The Technology Stock You Should Stay Away From
By Sasha Cekerevac for Investment Contrarians |
While many technology stocks for the past few years have done extremely well, the old-fashioned personal computer (PC) makers have struggled. As the marketplace has shifted—and corporate earnings with it—away from the traditional PC to tablets and smartphones, the old technology stocks that we used to remember fondly have been falling by the wayside.
Hewlett-Packard Company (NYSE/HPQ) is the latest in a line of PC makers to have struggled in growing corporate earnings. The latest news from the company is that its CEO, Margaret Whitman, met with analysts and gave them a disappointing forecast for the company.
While Whitman did state that she has been taking some initiatives to turn the company around, it appears Wall Street was not impressed, as shares plummeted. Two aspects of the company’s new focus will be a narrower product line and an increased focus on corporate customers. Whitman also stated that next year’s corporate earnings will be below current analyst estimates.
Since 2009, the shares have lost over $90.0 billion in market value, a stunning decrease for any technology stocks. She stated that the company was not properly aligned with the current marketplace, an apt observation. With its current focus on old-fashioned markets, such as the PC area, and not enough innovation in new areas, Hewlett-Packard (HP) has not been able to compete with the newer, younger, nimbler technology stocks of today.
While I certainly don’t think the PC market will go away anytime soon, it should be only one segment of a company’s product lineup. Technology stocks in this day and age need to have products across the entire scope of the technology market sector, as consumer tastes are increasingly becoming differentiated.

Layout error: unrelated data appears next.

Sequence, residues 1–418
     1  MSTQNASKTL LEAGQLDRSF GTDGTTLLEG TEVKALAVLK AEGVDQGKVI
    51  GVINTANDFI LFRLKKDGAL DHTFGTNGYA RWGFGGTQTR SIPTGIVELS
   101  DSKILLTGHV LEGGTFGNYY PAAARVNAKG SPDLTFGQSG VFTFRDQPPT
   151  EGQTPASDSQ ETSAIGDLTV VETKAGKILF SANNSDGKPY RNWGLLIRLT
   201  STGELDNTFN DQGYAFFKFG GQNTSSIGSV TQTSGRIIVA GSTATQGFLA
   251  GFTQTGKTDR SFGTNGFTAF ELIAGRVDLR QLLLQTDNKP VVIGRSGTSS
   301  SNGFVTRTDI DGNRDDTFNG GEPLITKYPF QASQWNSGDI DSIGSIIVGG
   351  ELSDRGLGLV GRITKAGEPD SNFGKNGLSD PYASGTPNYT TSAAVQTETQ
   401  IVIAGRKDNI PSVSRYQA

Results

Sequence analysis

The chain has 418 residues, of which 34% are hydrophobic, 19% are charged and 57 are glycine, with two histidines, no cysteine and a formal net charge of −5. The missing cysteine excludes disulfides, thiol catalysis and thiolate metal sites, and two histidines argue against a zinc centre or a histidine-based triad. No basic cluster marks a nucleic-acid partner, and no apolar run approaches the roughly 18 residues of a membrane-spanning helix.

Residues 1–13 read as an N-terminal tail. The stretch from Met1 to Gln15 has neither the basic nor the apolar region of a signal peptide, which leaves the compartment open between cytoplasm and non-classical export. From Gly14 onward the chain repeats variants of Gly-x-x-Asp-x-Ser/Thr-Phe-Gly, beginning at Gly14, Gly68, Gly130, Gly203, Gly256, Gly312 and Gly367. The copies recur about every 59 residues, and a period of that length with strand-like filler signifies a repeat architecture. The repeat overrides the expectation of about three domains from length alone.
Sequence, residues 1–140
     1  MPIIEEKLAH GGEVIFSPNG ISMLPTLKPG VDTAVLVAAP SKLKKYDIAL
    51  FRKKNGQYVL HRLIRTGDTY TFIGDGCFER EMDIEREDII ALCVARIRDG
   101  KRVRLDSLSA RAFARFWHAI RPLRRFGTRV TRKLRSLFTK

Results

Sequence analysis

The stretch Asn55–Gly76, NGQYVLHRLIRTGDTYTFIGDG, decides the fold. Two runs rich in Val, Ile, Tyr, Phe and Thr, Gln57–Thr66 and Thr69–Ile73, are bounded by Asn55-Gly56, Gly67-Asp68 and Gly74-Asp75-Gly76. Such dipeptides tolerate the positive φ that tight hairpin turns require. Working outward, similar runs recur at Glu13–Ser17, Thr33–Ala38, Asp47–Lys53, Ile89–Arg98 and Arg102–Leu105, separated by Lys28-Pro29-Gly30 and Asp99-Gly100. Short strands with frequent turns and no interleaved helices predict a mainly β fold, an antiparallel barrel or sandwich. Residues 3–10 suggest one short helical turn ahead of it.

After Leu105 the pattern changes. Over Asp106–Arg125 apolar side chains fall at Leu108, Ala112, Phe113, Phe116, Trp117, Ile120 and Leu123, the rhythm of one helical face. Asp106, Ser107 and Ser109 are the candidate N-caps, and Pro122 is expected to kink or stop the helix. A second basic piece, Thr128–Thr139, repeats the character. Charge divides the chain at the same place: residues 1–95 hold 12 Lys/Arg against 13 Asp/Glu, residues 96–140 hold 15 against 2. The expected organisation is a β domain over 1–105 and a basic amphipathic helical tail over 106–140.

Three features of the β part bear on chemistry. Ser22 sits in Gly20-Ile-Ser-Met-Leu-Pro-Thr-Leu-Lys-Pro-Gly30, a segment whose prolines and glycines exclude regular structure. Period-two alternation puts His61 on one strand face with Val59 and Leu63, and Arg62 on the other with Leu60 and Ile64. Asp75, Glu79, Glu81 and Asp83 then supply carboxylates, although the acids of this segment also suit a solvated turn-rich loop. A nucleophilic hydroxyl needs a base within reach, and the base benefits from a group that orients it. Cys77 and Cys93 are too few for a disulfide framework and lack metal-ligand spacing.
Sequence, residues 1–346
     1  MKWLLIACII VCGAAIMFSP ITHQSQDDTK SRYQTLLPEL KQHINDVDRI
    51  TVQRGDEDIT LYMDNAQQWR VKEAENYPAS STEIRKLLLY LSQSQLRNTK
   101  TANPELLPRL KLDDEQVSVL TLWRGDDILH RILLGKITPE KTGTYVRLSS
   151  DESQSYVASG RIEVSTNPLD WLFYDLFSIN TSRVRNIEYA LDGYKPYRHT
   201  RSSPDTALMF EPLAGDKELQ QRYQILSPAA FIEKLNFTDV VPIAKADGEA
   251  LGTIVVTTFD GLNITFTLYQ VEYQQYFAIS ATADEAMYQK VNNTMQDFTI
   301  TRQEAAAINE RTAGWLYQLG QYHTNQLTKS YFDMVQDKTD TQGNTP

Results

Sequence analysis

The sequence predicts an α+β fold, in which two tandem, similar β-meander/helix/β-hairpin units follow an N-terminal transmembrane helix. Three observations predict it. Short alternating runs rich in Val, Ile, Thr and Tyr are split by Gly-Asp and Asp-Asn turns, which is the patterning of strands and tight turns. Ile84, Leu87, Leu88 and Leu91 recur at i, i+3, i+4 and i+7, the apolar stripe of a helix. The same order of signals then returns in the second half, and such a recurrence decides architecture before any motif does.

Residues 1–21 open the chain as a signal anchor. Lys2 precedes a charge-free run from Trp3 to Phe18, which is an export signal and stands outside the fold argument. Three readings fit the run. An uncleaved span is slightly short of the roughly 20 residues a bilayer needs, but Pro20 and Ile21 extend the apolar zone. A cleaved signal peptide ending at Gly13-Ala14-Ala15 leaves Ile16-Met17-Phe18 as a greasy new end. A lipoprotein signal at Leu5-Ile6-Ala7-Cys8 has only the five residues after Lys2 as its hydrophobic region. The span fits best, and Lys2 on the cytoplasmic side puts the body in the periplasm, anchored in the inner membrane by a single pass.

One interesting fact Whitman stated was that innovation was alive at HP. Could this mean some new products that could help build inroads into the marketplace and drive corporate earnings? At this point, it’s extremely hard to tell. Every CEO is optimistic about their company—they have to be, naturally—but the proof is in the pudding, as they say. Until I see these new innovative products and an increase in corporate earnings, I will err on the side of history and, in this firm’s case, history tells us to be skeptical of such claims.
Chart courtesy of www.StockCharts.com
One of the most common mistakes investors make is to try to pick a bottom in the stock price of technology stocks. When it comes to technology stocks, this can be increasingly appealing, as a new product can quickly increase corporate earnings and turn the company around. While I agree that’s possible, we have yet to see any such innovative measures from HP.
As one can see from the chart, as corporate earnings have eroded for HP, stemming from a loss in market share to other technology stocks, the share price has continued to decline. While some active traders might consider what just occurred as a capitulation day, I would caution long-term investors to stay away from the stock. We don’t know if and when any new innovative products will come to fruition; unless you’re willing to be an active trader, HP is a gamble that you might not want to take.